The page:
Mello on target in Livermore

dwitte@losbanosenterprise.comMay 23, 2014 

DW DJ Mello 0523

D.J. Mello hit 96 of 100 targets in the final at the Golden West Grand on May 11 in Livermore. At 17, he is one of the youngest winners.


D.J. Mello arrived in Livermore on May 11 just in time for the last day of shooting at the 63rd Golden West Grand trapshooting competition.

But that was all the 17-year-old Los Banos resident needed to walk away as one of the youngest event winners in the event’s history after scattering 96 of 100 targets in the afternoon handicap event. A 12-year-old has won twice at the competition, and then there’s Mello.

“I was pretty happy, being the youngest one,” Mello said. “It felt good.”

In the process Mello bested a number of shooters he’s looked up to since he started shooting competitively, including Los Banos’ own Dan Bonillas, a member of the Trapshooting Hall of Fame.

The Golden West Grand consisted of 10 events spread over five days. Mello shot in the last two, scoring a 92 in the morning session, which ended in a shoot-off with Tom Minkel. But Mello added four to that score in the afternoon session to win the 133-shooter event, beating second-place Clinton Freeman by one target to win a belt buckle.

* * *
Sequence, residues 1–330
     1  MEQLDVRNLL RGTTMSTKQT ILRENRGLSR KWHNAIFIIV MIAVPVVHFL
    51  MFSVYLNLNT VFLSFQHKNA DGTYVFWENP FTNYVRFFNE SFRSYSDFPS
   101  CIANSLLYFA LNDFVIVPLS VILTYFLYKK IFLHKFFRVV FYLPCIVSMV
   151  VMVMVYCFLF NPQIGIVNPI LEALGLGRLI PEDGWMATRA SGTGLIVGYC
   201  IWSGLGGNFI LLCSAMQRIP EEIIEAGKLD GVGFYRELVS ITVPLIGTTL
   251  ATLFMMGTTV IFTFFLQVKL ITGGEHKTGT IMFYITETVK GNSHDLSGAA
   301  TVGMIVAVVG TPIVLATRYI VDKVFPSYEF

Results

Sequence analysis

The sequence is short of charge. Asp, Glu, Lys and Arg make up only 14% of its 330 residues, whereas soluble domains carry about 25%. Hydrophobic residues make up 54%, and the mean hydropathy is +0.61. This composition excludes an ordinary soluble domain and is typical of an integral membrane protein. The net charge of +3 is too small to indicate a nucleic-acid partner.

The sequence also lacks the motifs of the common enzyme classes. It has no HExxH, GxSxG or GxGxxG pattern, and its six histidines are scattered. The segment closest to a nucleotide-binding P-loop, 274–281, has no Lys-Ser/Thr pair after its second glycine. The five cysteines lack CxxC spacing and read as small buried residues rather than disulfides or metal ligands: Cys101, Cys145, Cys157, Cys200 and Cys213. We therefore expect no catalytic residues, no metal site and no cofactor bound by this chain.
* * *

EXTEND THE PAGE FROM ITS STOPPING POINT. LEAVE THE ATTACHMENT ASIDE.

Mello has shot with the Los Banos Tigers Youth Trap Team for seven years, and started competing in adult Amateur Trapshooting Association events a year after starting with the Tigers.

After the morning session, Mello analyzed his shooting form.

“A couple of my misses I didn’t follow through at the target, so I shot behind it,” he said. “And it was pretty windy, so the targets were jumping all over the place. I shot over the top of them because they would just dive down.”

In the afternoon session, Mello picked up his Perazzi MX2008 and fell back on his years of repetitive training at the Los Banos Sportsmen’s Association.

“You do the same thing every time,” the Los Banos High student said. “Just put the gun in the same spot every time, and have a smooth movement to the target.”

Tiger teammate Ali Viera was the high lady shooter in the same event with an 89.

The handicap events involved shooters standing at distances of 16 to 27 yards. As a shooter wins handicap events, they are moved back by one-yard increments – known as “punching your card,” since handicaps are noted on a shooter’s scorecard by a hole punch. Mello’s victory moved him from 23 yards to 24.

“His ultimate goal is to shoot from 27 yards, which is the farthest back you can go,” said Darrell Mello, D.J.’s dad.

Mello and the Tigers youth trap team will be back in action in the California Youth Shooting Sports Association on May 31 in Martinez.

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